Mending Wall，A Practice
Artist: Shih Yun Yu
Mending Wall，A Practice
In the past few years, the once seemingly faded political boundary began to emerge again. People have built boundaries in various ways around the world, whether they embody in the appeal of nations or ethnic groups, the revision of regulations or the physical wall. This exhibition is a reflection and response to such situation.
The work “Mending Wall, A Practice” which shares the same name with this exhibition is a fabrication on site. The artist builts a low thin cement wall as well as the reception room of the political prison in Taipei Jingmei Detention Center the same size of its original plan. The audience can pass through the interior space at any time, but they are likely to be tripped over by the wall-face by accident. This kind of situation is a response to the relationship between people and political power during the period of Martial Law. Other works on the spot explore how power corpus create invisible lines in daily life with voice and collective consciousness in a bid to discipline each other’s life through the objects transformed by the emergency warning sounds and drums that symbolize political power.
The video installation in the hall “Sound Recording Along the Seashore (A Proposal For Replacement of the Emergency Alarm)” shows the video of the artist and his friend recording on a political prison island: the artist takes down the common voices of the island — of waves, wind, rain, insects and birds—the voice notes of those who have been imprisoned in the past for a long time. This recording is a proposal to replace the alarm. The artist hopes that these sounds can become part of history and replace the former symbol of power in the efforts to propose the possibility of a new boundary.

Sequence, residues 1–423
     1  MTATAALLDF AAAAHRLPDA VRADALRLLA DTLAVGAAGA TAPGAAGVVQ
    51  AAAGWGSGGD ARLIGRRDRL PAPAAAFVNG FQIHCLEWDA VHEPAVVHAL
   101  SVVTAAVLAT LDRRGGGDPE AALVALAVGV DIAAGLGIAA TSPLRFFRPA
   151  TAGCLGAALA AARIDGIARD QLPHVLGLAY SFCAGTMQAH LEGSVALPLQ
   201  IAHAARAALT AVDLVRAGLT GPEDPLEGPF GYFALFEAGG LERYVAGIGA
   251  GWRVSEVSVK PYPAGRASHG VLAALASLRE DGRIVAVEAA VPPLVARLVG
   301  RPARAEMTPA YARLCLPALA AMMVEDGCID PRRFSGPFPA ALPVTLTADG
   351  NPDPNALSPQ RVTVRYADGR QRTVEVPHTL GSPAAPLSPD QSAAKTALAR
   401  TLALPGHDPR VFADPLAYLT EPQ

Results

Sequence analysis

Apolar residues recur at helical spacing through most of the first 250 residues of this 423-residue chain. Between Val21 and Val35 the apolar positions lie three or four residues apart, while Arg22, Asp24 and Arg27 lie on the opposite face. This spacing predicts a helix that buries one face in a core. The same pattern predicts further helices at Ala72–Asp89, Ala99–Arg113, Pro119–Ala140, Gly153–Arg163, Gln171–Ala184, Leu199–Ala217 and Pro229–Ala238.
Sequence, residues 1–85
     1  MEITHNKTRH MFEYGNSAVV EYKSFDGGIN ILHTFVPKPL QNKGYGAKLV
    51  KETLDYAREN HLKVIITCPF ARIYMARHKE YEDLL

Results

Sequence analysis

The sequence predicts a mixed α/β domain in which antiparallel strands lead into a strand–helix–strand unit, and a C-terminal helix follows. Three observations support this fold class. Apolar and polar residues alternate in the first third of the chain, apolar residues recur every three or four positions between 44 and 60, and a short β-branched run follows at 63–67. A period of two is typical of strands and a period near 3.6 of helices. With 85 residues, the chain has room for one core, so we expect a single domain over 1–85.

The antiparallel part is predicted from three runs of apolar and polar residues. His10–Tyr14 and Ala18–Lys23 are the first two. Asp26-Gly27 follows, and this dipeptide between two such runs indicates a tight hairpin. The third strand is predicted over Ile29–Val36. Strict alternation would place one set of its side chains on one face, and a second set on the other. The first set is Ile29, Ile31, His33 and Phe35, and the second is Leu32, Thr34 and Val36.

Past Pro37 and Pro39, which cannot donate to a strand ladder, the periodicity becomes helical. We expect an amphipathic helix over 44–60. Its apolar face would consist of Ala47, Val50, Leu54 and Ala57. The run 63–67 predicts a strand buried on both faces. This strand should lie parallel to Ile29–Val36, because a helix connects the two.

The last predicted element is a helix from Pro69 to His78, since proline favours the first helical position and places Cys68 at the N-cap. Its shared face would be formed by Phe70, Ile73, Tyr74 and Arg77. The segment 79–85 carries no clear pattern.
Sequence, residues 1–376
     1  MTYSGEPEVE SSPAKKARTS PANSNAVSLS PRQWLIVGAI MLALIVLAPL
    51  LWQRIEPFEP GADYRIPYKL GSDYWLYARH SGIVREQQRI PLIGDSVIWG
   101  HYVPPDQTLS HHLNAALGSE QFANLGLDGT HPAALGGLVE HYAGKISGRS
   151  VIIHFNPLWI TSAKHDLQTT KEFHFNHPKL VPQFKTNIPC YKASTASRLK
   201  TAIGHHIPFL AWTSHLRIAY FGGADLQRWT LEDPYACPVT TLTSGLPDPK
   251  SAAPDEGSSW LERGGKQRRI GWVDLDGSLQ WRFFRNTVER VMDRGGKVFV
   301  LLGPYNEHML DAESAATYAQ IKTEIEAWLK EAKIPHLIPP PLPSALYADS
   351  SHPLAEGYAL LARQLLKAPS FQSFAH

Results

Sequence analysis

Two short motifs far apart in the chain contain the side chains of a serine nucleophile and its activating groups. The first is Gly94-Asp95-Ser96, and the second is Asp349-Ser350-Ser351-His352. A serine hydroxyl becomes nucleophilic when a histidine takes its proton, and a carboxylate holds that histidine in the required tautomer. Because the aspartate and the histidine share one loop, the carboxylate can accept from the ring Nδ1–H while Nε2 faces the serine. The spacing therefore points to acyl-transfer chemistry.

Yunyu Ayo Shih (b. 1985) currently lives and work in Taipei and New York. He graduated from National Taiwan University with a BA in History in 2007 and School of The Art Institute of Chicago with an MFA in Sculpture in 2014. Since he started to make art in 2010, Shih’s work has always related closely to the space he situated; In Taipei, a city he lived in for ten years, he turn a whole building into the subject of his art. While he is constantly moving and relocating, his works are stored in suitcases and become archives, documents, and books that tells different stories. He frequently explores different appearances of memorial and memory while at the same time involving interactions between himself and state apparatus. Instead of posing a confrontational gesture, he tends to choose coexistent or penetrated attitudes to explore gray areas.
Shih’s work has been exhibited at Power Station Art Museum in Shanghai, Taipei Contemporary Art Center, VT Artsalon (Taiwan), Practice Space (NY), 4-18 Space (Bogota), Long March Space in Beijing(2016), Cultural Center Belgrade(2017) and many other space. He has been the recipient of the New Artist Society Award (2012), Taiwan National Cultural Affair Grant (2015), and The National Culture and Arts Foundation Award (2015), and has participated in the Skowhegan School of Painting and Sculpture (2014), the Arctic Circle Residency (2015), and 4-18 Residency in Colombia (2015).